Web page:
Students respond during the pandemic. How to motivate them. – Society for Public Health Education Health Education

As an assistant professor of nursing at the University of Texas in El Paso, I live and serve in the US-Mexico border region.

My colleagues and I were asked to find creative solutions to train the next generation of health professionals who are in the final semester of nursing before graduation.

As health facilities in the region responded to the following pandemic, the local health system began to feel the tax implications of COVID-19. An initial response was to limit exposure to COVID-19 and remove students from clinical settings. However, health systems also limited learning experiences and led to a lack of clinical locations for students who need clinical practice hours for nursing permit programs. Faculty members had to identify opportunities for students to complete their clinical hours without straining local authorities.

Local health authorities use COVID-19 mitigation measures to reduce the spread of the virus in the community and exposure of the healthcare provider to the virus.

Local facilities began screening for symptoms of COVID-19 for anyone entering their facilities. This gave students the opportunity to use their skills and help with screening procedures. It was a challenge to develop creative solutions with local community partners so our students could gain experience and complete their graduation hours.

The students were asked to face the challenge. The response of health officials to the opening of practice environments and the encouragement of new medical professionals during the pandemic was a learning experience for everyone.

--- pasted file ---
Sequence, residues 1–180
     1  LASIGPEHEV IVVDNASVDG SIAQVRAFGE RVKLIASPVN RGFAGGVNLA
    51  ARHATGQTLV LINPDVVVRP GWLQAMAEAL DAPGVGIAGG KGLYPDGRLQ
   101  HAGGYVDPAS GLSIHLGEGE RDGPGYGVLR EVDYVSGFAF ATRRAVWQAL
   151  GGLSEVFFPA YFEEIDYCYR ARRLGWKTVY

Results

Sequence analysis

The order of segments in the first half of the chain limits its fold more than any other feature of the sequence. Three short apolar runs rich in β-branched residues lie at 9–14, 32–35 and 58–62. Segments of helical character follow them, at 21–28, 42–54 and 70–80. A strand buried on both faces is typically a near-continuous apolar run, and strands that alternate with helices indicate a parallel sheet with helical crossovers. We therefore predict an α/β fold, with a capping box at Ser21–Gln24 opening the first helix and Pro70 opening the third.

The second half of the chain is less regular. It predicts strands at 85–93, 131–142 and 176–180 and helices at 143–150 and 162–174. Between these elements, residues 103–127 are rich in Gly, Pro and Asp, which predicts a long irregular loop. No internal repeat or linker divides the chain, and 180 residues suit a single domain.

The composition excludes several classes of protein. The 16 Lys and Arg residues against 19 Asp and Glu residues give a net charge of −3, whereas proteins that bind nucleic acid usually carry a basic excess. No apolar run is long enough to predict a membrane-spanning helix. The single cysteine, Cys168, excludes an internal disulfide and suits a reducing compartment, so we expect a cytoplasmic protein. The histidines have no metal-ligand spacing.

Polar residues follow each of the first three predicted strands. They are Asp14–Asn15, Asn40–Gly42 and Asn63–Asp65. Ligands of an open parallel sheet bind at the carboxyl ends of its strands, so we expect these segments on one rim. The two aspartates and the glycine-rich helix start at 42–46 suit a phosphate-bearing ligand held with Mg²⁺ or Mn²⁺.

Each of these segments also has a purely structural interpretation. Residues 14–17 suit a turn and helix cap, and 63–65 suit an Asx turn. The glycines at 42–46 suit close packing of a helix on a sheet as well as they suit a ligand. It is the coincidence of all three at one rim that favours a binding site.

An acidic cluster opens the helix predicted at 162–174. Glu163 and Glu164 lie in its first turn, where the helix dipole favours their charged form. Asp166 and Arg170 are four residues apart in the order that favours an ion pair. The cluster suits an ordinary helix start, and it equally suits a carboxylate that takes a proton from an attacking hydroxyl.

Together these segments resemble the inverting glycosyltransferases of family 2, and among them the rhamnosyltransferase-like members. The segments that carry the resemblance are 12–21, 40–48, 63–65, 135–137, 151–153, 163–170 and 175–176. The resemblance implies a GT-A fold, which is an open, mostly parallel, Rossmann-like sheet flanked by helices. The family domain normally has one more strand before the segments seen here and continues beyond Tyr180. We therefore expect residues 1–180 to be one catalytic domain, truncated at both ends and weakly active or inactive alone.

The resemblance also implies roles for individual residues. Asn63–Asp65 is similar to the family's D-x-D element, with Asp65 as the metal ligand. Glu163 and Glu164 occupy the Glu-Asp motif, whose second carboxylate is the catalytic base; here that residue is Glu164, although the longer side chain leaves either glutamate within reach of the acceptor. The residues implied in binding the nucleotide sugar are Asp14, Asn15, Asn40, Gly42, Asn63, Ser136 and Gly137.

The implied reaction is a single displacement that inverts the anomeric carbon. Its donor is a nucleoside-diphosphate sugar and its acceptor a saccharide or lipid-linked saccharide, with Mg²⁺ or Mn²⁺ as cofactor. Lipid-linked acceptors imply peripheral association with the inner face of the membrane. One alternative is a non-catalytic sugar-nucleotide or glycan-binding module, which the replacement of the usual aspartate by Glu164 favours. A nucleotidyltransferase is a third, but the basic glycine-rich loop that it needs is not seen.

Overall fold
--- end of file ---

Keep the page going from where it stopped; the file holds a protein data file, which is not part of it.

During the ongoing COVID-19 pandemic, students are discouraged as they face the reality that they have graduated during this time and have entered the world of work. We should encourage students to contact us so that we can address their personal safety concerns while promoting our professional responsibility as a healthcare provider. Students need security and options to move forward.

I am proud of my students after the pandemic. Despite their concerns and fears, the students have continued to develop the profession through courage and perseverance.

As we continue to move forward in the critical times of the pandemic, I encourage colleagues from all health professions to consider non-traditional frameworks for educational purposes. Using local health facilities as resources can help you improve your student educational experience and relieve local health systems.

We are all challenged during this pandemic. However, it is up to us to continue to motivate and encourage each other to improve our overall response to adversity

Jacob Martinez, PhD, RN
Assistant professor
Nursing school
The University of Texas at El Paso

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